“I wish we could just get back to the early church.”
That sentiment, or some version of it, seems to be common among many evangelicals in our culture. Millenials, in particular, want to get back to a simpler model of the church. Words like community and authentic seem to be common in these conversations.
I’m painting with a broad brush, of course, as many young adults would not fit this description. Still, there does seem to be a widespread desire for a return to what we read about in the early chapters of Acts. For instance, it’s more common now to hear about churches meeting in houses rather than in large auditoriums or traditional church buildings. Perhaps it’s a desire to recapture the intimacy that seems to be present on the pages of the New Testament. Likewise, many believers seem to be longing for a community in which they can share their lives and resources with one another instead of merely participating in the same church programs. And, when you put it that way, who wouldn’t want to return to the earlier model?
But have you ever stopped to ask, Are we supposed to imitate what we read about in Acts?
Emphasizing the Same Priorities
Without a doubt, we should emphasize the same priorities that we read about among the earliest believers (Acts 2:42–47; 4:32–37). We should long for someone to say of our local church,
And they devoted themselves to the apostles’ teaching and the fellowship, to the breaking of bread and the prayers. (Acts 2:42)
Devotion to the teaching of Scripture and a commitment to meeting the spiritual and physical needs of the church’s members are priorities every local church should strive for. Like the earliest Christians, our fellowship should include the regular breaking of bread (most likely a reference to the Lord’s Supper) and a commitment to pray together. These priorities are worth putting under the “Core Values” tab of every church’s website.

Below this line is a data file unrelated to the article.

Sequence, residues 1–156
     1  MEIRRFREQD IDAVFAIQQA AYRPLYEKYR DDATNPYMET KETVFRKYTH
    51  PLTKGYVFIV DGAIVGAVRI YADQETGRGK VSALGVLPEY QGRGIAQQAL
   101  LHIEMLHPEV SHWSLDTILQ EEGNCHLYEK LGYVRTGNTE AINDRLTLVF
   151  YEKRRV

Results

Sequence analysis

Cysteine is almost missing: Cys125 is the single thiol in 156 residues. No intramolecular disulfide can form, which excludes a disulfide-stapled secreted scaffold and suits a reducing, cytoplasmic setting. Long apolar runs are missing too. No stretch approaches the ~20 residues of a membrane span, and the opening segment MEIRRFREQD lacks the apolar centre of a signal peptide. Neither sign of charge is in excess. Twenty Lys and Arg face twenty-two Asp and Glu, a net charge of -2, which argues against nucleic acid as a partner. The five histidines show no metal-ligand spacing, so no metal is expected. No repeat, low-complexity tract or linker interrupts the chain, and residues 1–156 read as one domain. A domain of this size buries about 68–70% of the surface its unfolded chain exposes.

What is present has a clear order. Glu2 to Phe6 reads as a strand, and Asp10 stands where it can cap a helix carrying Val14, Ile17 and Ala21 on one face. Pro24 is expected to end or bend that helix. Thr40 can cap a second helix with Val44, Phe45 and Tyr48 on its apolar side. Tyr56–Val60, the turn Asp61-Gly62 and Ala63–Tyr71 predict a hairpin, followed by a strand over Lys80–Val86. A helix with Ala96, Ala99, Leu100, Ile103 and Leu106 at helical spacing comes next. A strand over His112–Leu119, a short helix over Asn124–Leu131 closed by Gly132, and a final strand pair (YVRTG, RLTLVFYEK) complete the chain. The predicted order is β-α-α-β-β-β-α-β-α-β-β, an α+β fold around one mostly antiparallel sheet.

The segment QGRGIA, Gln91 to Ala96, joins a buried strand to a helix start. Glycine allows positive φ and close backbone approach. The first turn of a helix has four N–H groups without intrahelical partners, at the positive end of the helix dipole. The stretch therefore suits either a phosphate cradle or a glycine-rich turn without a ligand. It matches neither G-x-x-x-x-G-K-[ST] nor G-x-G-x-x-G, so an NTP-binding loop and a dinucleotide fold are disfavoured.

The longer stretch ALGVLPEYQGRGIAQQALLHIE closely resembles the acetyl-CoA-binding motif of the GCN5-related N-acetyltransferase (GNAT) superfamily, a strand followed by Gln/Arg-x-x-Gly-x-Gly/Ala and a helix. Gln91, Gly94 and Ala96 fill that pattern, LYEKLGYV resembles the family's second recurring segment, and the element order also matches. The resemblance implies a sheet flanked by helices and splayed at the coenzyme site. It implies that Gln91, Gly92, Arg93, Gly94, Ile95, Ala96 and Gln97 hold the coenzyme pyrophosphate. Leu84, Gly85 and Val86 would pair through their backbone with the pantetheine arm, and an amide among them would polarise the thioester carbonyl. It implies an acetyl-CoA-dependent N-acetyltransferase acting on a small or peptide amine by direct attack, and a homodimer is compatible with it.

So how could there be a problem with wanting to imitate the early church?
Avoiding Some Pitfalls and Misunderstandings
Despite the fact that the early church gives us some patterns and practices to imitate, there are some ways to pursue the early church’s example that miss the point. You can want to “get back to the early church” for the wrong reasons. Consider a few of the potential pitfalls and misunderstandings.
1. Looking for the same experiences
We are not wrong to want to see the Spirit move mightily in and through our churches for the glory of God and for the spread of the gospel. The church was growing like wildfire in its early days and its distinct witness was causing unbelievers to stand in awe. However, not everything that happened to or through the early church was intended to be the norm. Consider a couple examples.
The coming of the Holy Spirit at Pentecost (Acts 2) was a spectacular, one-time, epoch-making event that fulfilled Old Testament prophecy (Joel 2). We should not expect to hear a “mighty rushing wind” from heaven, nor should we expect “divided tongues as of fire” resting on the heads of our congregations. This was not a pattern to be followed, but rather an inauguration of Christ’s church in its present form.
Or consider the healings we see in Acts. People were putting the sick into the streets in the hopes that Peter’s shadow might pass over them and make them well (Acts 5:15). Paul raised up a guy who had fallen from a three-story window (Acts 20:9–10)! Whether or not certain spiritual gifts—healings, speaking in tongues, etc.—are still operative in the church today is a different discussion. Regardless of your view on spiritual gifts, there was a unique aspect to the miraculous wonders done by the apostles in the power of the Spirit in the early days of the church. Acts is not giving us an exact blueprint for what the church should expect in all ages. God was doing a new work (in light of Christ’s life, death, and resurrection) by the Spirit’s powerful, transforming ministry among both Jews and Gentiles.